The Bengal Tigers worked mainly for Wryton Promotions and had a long running series of matches with the masked Undertakers.

  

 Please get in touch if you can provide more information.

Rajendra Singh


The tall, slender Indian middleweight from Amristar made an imposing sight, especially when dressed in national costume prior to his contests.

We began to follow his career in the mid 1960s, watching him on the independent bills against the likes of Hamid Ali Gill, Stoker Brooks and Bob Sherry. By then he was already experienced on Joint Promotion bills, having learned the trade after joining the ranks of amateurs at the Dale Martin gym in Brixton.

At the time Rajendra was living in London, having been brought to Hackney when his parents came to the UK in 1948. At the time Rajendra was six years old. 

Success at school led to Rajendra passing his eleven plus, and attending the local grammar school. We recently came across this letter that 14 year old Rajendra sent to the editor of the Wrestling Ringsider. 

Thank goodness he received such a positive response, or the wrestling public may have been deprived of his talents!

On leaving school Rajendra started to work in a glass factory and when he was about 18 years old he began to wrestle for fun at the weekends and in the evenings.

His interest in wrestling was inherited from his father, Mela Singh, a heavyweight wrestler in India. Before turning professional Rajendra was an accomplished amateur at The Forresters and The Sparta Amateur Wrestling Clubs, before 

moving on to the Dale Martin gymnasium in preparation for his professional career.

Shortly afterwards he was signed up for Joint Promotions, working mainly in the south for Dale Martin Promotions. By the time we were watching Rajendra in the late 1960s he had moved to Preston.


Rajendra was at the time working for the independent promoters. Wrestling took him around the world, and amongst the friends he made was Dr Christiaan Barnard, the pioneer of heart transplant surgery (right). 

Rajendra was wrestling on television in Cape Town when the doctor saw him and asked to meet, sending a car to the hotel to collect him and take Rajendra to the hospital in which he had performed the world's first heart transplant.

Barnard was a regular at the Cape Town ringside, and was such an enthusiastic fan that when work prevented him attending he would ask a family member to go along to provide a first hand report!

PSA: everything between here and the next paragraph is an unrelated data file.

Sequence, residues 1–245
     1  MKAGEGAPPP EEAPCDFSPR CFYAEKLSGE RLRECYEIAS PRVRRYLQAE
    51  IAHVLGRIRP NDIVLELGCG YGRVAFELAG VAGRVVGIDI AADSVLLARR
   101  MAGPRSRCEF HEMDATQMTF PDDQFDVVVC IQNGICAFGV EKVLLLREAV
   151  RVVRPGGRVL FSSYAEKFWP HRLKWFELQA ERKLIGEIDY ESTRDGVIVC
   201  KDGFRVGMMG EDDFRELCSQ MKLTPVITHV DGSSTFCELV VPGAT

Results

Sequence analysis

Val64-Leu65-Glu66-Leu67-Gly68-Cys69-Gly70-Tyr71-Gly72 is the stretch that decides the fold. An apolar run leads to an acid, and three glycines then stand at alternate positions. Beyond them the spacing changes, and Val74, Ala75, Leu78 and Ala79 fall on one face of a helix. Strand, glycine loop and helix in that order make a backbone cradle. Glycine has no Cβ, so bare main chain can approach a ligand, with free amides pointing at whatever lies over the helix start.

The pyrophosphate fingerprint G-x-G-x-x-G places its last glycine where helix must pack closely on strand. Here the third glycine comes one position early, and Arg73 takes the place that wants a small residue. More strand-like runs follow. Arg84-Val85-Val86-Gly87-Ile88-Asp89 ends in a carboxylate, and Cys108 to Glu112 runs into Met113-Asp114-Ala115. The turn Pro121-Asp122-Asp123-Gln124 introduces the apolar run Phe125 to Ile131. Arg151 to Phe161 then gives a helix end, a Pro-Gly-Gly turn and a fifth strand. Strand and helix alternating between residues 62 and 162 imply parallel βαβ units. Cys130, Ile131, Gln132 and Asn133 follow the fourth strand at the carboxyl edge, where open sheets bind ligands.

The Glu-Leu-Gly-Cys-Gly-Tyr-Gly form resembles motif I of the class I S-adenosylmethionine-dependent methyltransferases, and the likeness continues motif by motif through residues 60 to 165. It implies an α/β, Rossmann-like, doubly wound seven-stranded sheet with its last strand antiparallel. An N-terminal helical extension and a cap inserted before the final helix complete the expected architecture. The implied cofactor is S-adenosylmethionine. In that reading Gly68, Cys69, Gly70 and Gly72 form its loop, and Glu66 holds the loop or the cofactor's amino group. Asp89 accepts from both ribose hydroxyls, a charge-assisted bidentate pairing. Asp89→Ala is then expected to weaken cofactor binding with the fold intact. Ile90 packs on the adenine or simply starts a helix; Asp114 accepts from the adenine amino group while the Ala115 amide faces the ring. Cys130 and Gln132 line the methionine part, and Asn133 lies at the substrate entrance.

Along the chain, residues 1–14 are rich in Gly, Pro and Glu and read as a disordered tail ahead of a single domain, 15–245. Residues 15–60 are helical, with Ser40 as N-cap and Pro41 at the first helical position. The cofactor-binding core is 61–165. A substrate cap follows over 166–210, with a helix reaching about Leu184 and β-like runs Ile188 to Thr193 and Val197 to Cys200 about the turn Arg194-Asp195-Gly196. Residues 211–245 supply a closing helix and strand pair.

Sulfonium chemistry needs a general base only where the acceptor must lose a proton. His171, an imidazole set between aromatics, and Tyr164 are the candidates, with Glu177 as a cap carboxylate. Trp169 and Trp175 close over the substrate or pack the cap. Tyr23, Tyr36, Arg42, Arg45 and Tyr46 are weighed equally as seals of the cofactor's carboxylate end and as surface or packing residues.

Following his retirement from the ring Rajendra Singh worked as an interpreter for Lancashire Constabulary, and was the official interpreter in Preston Magistrates Court. He was also president of the Guru Nanak Gurdwara Temple in Preston.

Rajendra Singh passed away on April 4, 2012.  Letters and tributes to the press that reported his death were testament to the esteem in which he was held in the Preston community.

Thanks to one of Rajendra's sons, Gurparshad Singh, for his help.

A photo album from Ricky Singh, son of wrestler Rajendra Singh.

Shem Singh 

Another of the popular Indian wrestlers who worked for both Joint Promotions and the independents in the 1960s and 1970s. Shem was the brother of Arjit Singh and a skilful but unspectacular middleweight. Born in Calcutta in 1929 he came to the UK from his home in Singapore in 1949, when he was nineteen years old .

Shem's father had first visted Britain in 1938, but returned with his family in 1949. He was a prominent member of the community in Manchester and founder member of the first Sikh Temple in Britain. Working in a factory and as a dock worker Shemsher Singh Bhakar's first love was wrestling. Although he had wrestled in India and Singapore it wasn’t until 1958 that Shem Singh made his UK debut, defeating Tiger Woods in Macclesfield.

Shem continued wrestling in Britain during the 1960s. Working for Joint Promotions he met some of the top lighter weight men in the country, making his television debut at Preston against the highly rated Bob Steele in February 1964, and returning to the small screen the following year to face Julien Morice. Opponents ranged from World lightweight champion George Kidd to the burly mid heavyweight Rough House Alf Cadman. In 1966 Shem moved across to the independents where he worked until the end of his career. It was on the independent circuit of the north that we enjoyed watching Shem in tremendous bouts against Hamid Ali Gil, Earl McCready, and Pete Lindberg.

Shemsher Singh is pictured above to the right of boxing legend Randolph Turpin, who turned to a wrestling career after his successful boxing career. Shemsher wrestled him twice, losing the first bout in Filey and then drawing the second in Bridlington. The photo was taken in a Worcestershire dressing room in 1960.

Tiger Singh (Gil Singh, Dalibir Singh)

Yorkshire and national amateur champion, who tried various names from his given name Gilbert, through Gil and Dalibir, to be known as the hard-working British Heavyweight Champion Tiger Singh.

He first caught our eye in independent rings as early as 1968, before debuting for Joint Promotions in 1972.

Gained his international wings when part of the Yorkshire contingent in the 1974 German tournaments. Never achieved much success at all in Germany and even by 1978 he was losing there to Barry Douglas, whom he would have been expected to defeat every time in the UK. In this sense he is the inverse of Caswell Martin.Singh fueded regularly with the similarly styled Ray Steele. Probably too regularly, an overdose of straight wrestling as antedote to the unbelievable excesses of Big Daddy and others.

One wonders whether the Crabtrees required their heavyweight champion to bottle any charisma to protect their elder member.

Josef Ski

Here's a man who certainly deserves a place in the A-Z but about whom information is scarce. A bald headed middleweight/light heavyweight from Poland he appeared in Britain in the late 1950s. It's easy to understand why he chose to use the name Ski rather than his family name of Sceszepanski.

At the time of coming to Britain he was already an experienced forty year old on mainland Europe, where he was particularly well known in Germany. On arrival in Britain in 1958 he unsuccessflly challenged Tommy Mann for the world middleweight championship and had a mixed bag of results against classy opponents such as Tony Lawrence, Harry Fields, Bert Royal and Mick McManus.

The list could go on because he spent much of  the years between 1958 and 1962 working in Britain, facing just about all the middleweights and light heavies of note as he travelled throughout the country, with a further championship challenge against Tommy Mann and European welterweight champion Alan Colbeck.

Following retirement from wrestling Josef took up refereeing in his adopted homeland of Germany.